Happy New Year folks!
Okay, so I’m a bit late with that one. All of my intentions for a great start to 2018 went by the wayside when illness struck our household before Christmas and continued into January. Then lack of self-motivation followed and suddenly we will shortly be in February and I’m only just saying hello.
So I’m going to rectify that with a whole week of posts dedicated to setting and hitting goals. Now, I know you will have seen a glut of articles and blogs on this very topic at the beginning of the month but be honest, are you kicking ass with your new year’s resolutions or are you already flagging and wondering what you signed up for?
I’ve come up with 5 steps to getting the most out of my goals, and I hope you can use this too, whether they are to change daily habits or take a once in a lifetime opportunity.
Today we’re going to cover the basics.
1 Lay the foundations
If you don’t know who you are, how can you know what you want?
Forget all this “New Year New You” business. It’s a myth that you can become a different person overnight. One that can hit the gym every day, say no to chocolate cake, and climb Kilimanjaro.
If you haven’t guessed by the title of this post, before you set out to change anything in your life you need to focus on you. What do you want to change and why? Are you doing it for the right reasons? Are you setting the right goal or should you approach it from a different angle?
Part 1: Start by getting down on paper everything in your head that you want to introduce into your life or just aren’t happy with right now, from the dishes always being left until the next day (or week!), to needing to repaint the outside of the house, to learning a new skill. Perhaps you’ve already come up with your 18 for 2018 or 40 before 40 or torn a list from a magazine. However you do it, take whatever time you need. An hour, a day, or start it off and add items to your list over a week.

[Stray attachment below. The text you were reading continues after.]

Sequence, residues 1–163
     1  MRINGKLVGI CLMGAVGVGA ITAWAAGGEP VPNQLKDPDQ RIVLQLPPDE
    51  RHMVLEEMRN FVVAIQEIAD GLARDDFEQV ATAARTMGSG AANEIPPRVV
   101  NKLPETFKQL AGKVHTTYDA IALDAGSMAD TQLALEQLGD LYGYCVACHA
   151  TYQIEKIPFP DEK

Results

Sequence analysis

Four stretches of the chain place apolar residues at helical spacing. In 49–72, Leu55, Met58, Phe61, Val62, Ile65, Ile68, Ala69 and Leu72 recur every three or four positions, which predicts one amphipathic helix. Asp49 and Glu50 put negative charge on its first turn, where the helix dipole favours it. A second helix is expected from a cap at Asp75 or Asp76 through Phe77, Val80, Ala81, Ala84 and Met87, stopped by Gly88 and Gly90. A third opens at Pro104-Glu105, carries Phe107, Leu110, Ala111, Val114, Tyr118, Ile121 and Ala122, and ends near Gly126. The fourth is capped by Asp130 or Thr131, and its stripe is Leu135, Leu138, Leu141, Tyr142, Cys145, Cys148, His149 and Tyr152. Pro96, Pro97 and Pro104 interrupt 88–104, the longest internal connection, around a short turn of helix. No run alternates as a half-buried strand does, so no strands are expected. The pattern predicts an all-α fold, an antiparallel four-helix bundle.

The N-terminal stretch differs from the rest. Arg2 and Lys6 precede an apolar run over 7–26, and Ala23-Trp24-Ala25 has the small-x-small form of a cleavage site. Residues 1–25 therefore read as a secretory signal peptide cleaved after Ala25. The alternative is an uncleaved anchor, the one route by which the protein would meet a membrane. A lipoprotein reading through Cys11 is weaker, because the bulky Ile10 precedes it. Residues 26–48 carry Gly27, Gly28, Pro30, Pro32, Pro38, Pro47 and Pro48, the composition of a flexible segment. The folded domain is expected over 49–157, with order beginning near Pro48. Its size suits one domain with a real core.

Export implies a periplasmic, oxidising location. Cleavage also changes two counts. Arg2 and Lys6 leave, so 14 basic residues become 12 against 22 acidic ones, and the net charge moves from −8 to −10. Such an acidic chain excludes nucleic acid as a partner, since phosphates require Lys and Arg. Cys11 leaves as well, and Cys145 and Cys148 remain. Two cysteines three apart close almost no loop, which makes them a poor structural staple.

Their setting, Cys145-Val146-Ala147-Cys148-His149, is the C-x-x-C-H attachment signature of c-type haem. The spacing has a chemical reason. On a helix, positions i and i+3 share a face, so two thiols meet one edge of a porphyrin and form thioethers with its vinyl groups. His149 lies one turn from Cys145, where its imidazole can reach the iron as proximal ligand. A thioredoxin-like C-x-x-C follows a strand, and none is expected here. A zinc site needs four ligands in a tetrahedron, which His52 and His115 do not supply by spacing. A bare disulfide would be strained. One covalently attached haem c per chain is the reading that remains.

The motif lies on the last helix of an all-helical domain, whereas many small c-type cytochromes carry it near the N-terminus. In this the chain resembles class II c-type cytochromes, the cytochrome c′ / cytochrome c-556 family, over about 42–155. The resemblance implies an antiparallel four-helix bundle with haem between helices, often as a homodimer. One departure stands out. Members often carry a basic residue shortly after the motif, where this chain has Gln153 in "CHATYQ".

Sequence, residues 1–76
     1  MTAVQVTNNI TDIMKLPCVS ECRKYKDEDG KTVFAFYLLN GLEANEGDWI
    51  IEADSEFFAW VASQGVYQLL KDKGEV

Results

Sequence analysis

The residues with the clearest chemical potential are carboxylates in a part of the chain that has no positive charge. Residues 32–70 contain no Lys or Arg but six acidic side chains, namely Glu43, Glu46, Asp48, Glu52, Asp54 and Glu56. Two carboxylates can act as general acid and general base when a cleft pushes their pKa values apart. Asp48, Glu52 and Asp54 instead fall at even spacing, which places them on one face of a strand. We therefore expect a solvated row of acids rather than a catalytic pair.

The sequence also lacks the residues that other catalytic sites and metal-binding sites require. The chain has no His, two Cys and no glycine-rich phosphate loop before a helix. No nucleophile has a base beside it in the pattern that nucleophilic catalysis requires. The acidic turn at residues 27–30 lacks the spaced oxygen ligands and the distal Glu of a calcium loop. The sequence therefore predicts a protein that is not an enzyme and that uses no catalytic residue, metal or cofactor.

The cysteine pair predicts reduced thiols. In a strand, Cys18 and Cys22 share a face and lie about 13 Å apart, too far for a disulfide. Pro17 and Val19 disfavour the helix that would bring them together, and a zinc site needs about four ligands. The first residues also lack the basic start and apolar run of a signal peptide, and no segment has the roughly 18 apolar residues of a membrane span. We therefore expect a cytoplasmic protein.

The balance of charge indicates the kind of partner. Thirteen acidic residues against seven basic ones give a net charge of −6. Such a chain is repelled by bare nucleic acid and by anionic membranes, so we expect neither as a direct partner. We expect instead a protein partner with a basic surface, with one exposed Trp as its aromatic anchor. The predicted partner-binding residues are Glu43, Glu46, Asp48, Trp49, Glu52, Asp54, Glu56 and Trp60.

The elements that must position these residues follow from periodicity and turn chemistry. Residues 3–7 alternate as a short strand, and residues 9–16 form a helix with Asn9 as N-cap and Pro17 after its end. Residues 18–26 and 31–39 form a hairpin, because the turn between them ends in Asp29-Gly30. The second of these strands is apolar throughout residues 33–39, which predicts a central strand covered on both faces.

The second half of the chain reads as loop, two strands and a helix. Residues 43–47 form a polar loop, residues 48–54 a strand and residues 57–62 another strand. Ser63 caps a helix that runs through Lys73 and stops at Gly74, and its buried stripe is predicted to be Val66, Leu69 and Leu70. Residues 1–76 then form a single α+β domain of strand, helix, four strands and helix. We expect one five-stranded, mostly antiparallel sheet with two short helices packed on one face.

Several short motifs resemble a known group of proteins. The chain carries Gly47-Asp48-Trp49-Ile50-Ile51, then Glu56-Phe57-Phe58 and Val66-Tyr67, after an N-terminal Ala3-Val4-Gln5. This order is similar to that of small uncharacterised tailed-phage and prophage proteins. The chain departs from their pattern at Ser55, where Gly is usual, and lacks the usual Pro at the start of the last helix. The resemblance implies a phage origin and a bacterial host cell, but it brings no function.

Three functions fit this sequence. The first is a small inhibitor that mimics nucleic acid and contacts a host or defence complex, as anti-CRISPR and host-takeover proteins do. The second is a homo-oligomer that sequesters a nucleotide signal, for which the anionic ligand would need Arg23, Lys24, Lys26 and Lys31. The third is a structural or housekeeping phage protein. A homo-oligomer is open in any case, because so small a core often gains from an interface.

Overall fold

Also ask yourself why you want to change these things. Try the 5 Whys technique.
The 5 whys technique is a method of getting to the root of a problem quickly. It was introduced to the manufacturing industry by Sakichi Toyoda, the founder of Toyota, in the 1930’s. It became big in the 1970s and remains a useful tool today.
It’s very simple. If your goal is a traditional one to, say, lose weight. Ask yourself why. Your answers may be along the lines of:
- Why? My clothes don’t fit
- Why? I gained weight
- Why? I was eating too many takeaways
- Why? I couldn’t be bothered cooking
- Why? I felt too tired
After asking these questions, it may be that your goal has now changed, so here, the goal would be to be less tired with the outcome being that you can cook and eat healthier meals and the benefit being that your healthier meals mean that you lose weight.
Part 2: Okay, so you’ve got your list. How many of those things did you try to achieve last year? What about the year before?
If you had already set resolutions or goals but you’ve already been unable to keep them going, try to understand why. Be honest with yourself. What has stopped you in the past or will stop you from achieving. Ask yourself the tough questions.
- Do I procrastinate? I can do it tomorrow, right? When I move house, then I can make the changes.
- Do I use other people as an excuse not to do something? Only I can cook tea / pick up the shopping / clean the house / wash the car. I’ve got to make sure everyone else is okay before I go out / read a book
- Do I use life events to stop me doing things? I can’t do it on Saturday because I have to attend this. There’s no point starting because I’m going on holiday in 3 weeks
- Am I frightened of failing so give up anyway?
- Is it too expensive?
- Do I choose to make changes because someone else wants support in their goals?
- Am I filling my life being busy doing things that I don’t want to do?
- Do I give up because it becomes too hard? Or do I just think it’s too hard?
- Am I just plain lazy?
Some of your answers will be perfectly valid. If you need to pick the kids up from school, then you can’t be in the gym or channelling your zen on the living room floor.
Write down your barriers to achievement and give yourself a checklist to consider when we approach the next steps, when we’ll be looking at understanding what needs to be done and when.
Write down what needs changing
Determine your whys
Clarify your goals
Understand what will stop you from achieving those goals
See you tomorrow for step 2.
Earworm: It’s all about you, Mcfly.
(Okay, I’m not a big fan but this was the only thing that kept popping into my head as I wrote this post. Enjoy!)